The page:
Norwegian fisherman on a purse seiner. (Photo: Odin Hjellestad/Copyright: FIS)
What the British can learn from Norway before considering life outside EU
Wednesday, June 01, 2016, 22:00 (GMT + 9)
Ahead of a June 23 referendum on whether to quit the European Union, Britons are looking across the North Sea to Norway for clues on what life could be like outside the bloc.
The oil-rich Norwegians clearly have done OK. A free-trade deal ensures they enjoy almost the same access to the union's giant market as if they were EU members. But to keep those trade ties smooth, Norway has had to adopt most EU directives, without having a say when they were decided in Brussels.
Norway doesn't have to share its lucrative fishing waters with EU nations. The Common Fisheries Policy, which divided up European waters and sets limits on how many fish can be caught, was a big reason why the seafaring country voted "no" to EU membership in 1972 and 1994.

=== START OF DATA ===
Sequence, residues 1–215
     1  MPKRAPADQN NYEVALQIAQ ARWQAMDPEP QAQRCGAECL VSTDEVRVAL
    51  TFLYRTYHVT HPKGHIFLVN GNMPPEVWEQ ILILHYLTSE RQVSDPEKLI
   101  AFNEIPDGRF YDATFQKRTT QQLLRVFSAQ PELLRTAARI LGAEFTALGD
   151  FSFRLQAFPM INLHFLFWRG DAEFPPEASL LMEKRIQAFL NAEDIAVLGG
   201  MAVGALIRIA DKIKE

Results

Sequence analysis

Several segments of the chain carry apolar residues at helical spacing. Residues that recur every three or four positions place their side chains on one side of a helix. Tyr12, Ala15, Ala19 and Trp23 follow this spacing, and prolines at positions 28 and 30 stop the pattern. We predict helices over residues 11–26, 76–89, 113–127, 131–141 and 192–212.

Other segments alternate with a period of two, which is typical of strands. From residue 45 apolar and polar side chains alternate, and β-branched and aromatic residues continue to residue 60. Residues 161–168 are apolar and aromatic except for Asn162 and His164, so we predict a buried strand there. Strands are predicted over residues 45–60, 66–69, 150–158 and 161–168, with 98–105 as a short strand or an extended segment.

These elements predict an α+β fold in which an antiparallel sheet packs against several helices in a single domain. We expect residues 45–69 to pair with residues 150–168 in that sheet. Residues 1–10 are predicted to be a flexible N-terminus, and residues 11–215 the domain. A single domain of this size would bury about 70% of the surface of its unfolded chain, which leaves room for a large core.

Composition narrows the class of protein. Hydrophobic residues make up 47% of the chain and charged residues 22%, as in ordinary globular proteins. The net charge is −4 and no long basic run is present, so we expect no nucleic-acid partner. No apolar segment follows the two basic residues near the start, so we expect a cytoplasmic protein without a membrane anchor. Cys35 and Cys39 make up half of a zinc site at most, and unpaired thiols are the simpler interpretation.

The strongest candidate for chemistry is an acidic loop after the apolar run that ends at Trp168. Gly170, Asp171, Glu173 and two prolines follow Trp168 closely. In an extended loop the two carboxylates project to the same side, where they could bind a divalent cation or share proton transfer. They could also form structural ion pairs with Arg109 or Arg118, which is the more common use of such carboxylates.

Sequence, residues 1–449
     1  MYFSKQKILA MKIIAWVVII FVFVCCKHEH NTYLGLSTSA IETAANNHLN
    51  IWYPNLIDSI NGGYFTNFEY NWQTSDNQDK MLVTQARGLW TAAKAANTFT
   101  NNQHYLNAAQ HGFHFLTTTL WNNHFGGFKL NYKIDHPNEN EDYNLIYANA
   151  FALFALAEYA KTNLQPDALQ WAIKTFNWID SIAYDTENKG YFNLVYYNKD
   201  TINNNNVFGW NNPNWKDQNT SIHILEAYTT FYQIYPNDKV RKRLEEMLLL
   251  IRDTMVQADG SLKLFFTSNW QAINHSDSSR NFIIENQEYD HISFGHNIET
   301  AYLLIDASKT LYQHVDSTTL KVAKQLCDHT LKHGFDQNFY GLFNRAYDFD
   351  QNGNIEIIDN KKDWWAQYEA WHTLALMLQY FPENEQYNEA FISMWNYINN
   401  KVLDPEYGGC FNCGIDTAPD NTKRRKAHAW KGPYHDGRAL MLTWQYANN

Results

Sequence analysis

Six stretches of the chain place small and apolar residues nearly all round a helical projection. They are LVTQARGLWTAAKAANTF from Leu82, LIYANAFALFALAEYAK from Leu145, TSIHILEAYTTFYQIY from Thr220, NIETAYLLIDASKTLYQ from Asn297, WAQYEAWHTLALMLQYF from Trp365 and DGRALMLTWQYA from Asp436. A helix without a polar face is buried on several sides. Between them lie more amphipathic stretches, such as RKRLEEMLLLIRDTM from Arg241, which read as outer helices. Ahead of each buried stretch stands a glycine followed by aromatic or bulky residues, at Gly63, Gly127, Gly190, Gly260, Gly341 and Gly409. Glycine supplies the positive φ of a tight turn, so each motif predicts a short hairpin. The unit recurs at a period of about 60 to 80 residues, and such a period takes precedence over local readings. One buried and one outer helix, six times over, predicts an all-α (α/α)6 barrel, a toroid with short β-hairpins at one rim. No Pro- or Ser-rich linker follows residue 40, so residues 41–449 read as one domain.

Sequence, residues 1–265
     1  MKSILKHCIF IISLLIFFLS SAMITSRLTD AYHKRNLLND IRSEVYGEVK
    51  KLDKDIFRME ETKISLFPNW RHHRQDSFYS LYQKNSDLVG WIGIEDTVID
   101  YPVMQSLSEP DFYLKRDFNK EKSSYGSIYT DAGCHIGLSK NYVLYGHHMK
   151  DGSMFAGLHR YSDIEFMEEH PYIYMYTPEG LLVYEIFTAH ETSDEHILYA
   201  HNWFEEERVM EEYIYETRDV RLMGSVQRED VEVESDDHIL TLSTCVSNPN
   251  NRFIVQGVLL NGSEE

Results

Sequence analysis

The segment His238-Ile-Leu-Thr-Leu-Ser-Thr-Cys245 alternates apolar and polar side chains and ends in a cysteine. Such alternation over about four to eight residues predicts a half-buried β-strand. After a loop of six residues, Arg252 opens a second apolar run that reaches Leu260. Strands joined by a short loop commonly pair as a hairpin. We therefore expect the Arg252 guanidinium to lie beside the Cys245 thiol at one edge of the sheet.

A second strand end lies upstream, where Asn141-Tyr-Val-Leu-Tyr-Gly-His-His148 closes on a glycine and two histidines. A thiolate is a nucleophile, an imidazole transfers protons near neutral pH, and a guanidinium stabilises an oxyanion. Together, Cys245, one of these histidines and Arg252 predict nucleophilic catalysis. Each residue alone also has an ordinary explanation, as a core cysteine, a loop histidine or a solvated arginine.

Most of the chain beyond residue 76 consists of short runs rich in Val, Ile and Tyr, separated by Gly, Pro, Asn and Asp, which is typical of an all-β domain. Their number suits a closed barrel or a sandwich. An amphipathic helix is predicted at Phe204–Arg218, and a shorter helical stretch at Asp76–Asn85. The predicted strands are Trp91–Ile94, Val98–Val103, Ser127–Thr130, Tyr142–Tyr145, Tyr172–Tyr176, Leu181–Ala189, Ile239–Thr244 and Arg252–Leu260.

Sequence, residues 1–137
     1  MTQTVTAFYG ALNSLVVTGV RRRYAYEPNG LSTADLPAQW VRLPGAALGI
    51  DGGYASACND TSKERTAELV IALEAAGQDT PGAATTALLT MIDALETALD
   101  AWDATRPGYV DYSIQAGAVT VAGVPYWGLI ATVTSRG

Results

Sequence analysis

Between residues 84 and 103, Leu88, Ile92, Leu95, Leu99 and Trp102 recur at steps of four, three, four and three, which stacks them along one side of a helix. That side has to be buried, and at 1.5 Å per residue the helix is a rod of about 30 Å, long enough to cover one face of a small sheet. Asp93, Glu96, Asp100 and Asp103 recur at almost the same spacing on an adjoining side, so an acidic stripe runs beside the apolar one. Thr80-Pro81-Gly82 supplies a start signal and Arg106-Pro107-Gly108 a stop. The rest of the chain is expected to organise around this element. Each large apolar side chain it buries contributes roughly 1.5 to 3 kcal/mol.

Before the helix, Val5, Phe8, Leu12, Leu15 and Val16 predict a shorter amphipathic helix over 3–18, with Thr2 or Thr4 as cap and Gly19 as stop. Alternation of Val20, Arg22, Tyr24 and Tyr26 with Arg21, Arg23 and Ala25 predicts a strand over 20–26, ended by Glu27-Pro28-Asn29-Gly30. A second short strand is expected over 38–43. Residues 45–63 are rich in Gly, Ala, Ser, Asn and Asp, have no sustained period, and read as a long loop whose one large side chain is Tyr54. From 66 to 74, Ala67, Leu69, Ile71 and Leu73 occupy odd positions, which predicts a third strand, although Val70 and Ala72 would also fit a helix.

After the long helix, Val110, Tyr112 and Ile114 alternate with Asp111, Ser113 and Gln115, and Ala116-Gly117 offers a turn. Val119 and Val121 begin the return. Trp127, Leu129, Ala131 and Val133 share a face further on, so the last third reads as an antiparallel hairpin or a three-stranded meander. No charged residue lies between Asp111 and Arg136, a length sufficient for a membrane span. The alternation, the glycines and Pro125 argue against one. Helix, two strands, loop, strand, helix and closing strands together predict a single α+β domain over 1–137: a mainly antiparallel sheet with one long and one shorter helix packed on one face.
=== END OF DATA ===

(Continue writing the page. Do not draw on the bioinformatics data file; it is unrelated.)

Plentiful stocks of cod and other white fish suggest it can happily manage its own waters.
Fishermen in northern Norway say the industry supports many small coastal communities that would have struggled if they had to compete with foreign trawlers in their own waters.
"Maybe nothing would be left for these small societies," said Paul Jensen, a fisherman from the village of Ersfjordbotn. "Only snow and ice and skiing."
But being outside the EU also means Norway has to pay tariffs to sell its fish to European consumers. The tariffs ratchet up for smoked or other treated products. So Norwegian fish farmers often choose to export untreated salmon to EU member Poland and smoke it there instead.
Source: AP/David Keyton